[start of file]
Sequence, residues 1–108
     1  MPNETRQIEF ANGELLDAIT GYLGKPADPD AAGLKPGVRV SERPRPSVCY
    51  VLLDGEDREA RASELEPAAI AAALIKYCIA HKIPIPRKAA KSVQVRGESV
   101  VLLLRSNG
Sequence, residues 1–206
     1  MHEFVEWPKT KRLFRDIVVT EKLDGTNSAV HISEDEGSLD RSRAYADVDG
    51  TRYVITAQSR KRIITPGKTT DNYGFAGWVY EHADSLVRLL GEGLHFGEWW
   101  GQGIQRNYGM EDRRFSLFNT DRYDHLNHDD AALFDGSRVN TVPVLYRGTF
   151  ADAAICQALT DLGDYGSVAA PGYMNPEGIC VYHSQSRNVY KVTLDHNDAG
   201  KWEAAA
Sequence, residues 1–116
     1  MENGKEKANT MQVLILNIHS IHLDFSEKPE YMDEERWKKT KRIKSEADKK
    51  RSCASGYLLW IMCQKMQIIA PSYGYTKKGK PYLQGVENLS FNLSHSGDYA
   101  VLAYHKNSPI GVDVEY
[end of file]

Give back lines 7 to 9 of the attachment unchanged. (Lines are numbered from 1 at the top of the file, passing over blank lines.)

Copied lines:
    51  TRYVITAQSR KRIITPGKTT DNYGFAGWVY EHADSLVRLL GEGLHFGEWW
   101  GQGIQRNYGM EDRRFSLFNT DRYDHLNHDD AALFDGSRVN TVPVLYRGTF
   151  ADAAICQALT DLGDYGSVAA PGYMNPEGIC VYHSQSRNVY KVTLDHNDAG